Apart from spending some half billion dollars in their effort to keep the lesser evil party in power this election cycle, the heads of organized Labor have other militant actions in their arsenal. They lobby shareholders of the corporations as part of their plan to democratize these institutions and appeal to the politicians of the 1% to increase taxes on them, in other words, on themselves.
Appealing to rich people to be nicer to workers and the poor is safer than mobilizing workers to act in our own behalf forcing concessions from the capitalist class; a victory for workers would inspire us and as we realize our own strength, more demands and organization would follow. This puts the Union officialdom in an uncomfortable position threatening the relationship they have built over decades with the Democrats and that section of the capitalist class this party represents. Labor peace and 5 year contracts that keep the membership at bay are an integral part of this relationship. We don't need the folks that pay the dues interfering with that.
We see this strategy all the time. Proof of its success the strategists atop the AFL-CIO might argue is that Warren Buffet and other billionaires are pleading with the government to increase their taxes. It's just plain unfair that a secretary pays higher taxes than Warren. Sure, a worker is not as smart as Warren Buffet or Mark Zuckerberg otherwise we would have accumulated $60 billion, too wouldn't we? We'd all be billionaires in a lovely world. After all, it's all out there, all you have to do is work hard and use your noggin. Seriously though, Warren Buffet is simply making a smart decision as he clearly understands the mood in society and the dangers if they continue to push too hard.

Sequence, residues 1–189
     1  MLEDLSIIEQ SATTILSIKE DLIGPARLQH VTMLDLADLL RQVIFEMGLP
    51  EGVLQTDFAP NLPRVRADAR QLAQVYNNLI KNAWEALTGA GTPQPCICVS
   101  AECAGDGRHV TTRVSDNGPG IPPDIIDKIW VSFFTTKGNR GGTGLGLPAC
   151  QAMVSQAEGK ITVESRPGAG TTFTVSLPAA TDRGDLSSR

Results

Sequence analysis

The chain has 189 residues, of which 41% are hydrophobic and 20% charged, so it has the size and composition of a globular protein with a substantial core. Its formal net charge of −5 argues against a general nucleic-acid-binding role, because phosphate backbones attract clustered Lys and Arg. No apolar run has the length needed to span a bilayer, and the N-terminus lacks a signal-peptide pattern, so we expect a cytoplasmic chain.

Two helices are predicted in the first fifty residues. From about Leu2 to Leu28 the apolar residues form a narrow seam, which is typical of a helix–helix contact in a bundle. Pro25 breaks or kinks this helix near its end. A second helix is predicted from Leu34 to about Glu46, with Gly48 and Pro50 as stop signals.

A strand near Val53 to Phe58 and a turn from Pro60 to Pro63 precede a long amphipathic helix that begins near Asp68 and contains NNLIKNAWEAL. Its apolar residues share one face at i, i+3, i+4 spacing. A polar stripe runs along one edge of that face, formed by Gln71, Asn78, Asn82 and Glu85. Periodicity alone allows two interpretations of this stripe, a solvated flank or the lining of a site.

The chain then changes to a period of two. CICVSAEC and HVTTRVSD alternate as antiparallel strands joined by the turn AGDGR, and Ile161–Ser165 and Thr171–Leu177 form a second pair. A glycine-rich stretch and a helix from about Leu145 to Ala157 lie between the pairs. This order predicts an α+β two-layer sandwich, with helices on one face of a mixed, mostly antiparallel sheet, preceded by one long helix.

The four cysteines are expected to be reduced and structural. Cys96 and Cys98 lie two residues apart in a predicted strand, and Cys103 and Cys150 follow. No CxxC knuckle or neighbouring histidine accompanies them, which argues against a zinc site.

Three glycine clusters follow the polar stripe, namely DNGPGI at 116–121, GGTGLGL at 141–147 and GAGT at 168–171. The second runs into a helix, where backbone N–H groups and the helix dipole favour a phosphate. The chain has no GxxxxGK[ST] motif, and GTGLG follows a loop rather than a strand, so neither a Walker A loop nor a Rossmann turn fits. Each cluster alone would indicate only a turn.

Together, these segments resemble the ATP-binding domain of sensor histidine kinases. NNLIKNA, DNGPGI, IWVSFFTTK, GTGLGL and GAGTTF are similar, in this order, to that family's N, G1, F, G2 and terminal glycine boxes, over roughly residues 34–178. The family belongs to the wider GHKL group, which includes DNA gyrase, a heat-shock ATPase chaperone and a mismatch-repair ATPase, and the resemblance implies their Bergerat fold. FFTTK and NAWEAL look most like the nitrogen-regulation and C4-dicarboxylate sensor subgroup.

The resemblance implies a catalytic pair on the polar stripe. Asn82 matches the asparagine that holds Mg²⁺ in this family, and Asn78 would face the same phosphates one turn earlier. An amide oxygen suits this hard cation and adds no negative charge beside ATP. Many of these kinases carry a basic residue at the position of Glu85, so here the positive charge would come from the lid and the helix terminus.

Strikes aimed at stopping production have all but disappeared as these work stoppages are aimed at being 24 hour hour protests so as not to offend or threaten in any way the Union hierarchy's relationship with the Democratic Party. The Hotel and Restaurant workers Union in a recent strike here in the SF Bay Area laid tape down on the sidewalk to ensure the scabs entering hotels during a strike/lockout could enter without impediment. The leadership entered in to this agreement with the hotel bosses and the city, meaning the police. The general public must not be affected in any way by a Labor dispute, including benefiting from one that doesn't affect them directly.
Another dispute at a fancy hotel went on for years as rallies and protests were aimed at convincing millionaires to do the right thing and not stay there (The Lafayette Hotel in Lafayette California) . There has been no attempt to reflect on this failed strategy of course and it is being repeated at a local country club where the officialdom with the help of some of their left wing cheerleaders have recruited a section of the Occupy movement to convince rich folks to do the moral thing and support workers.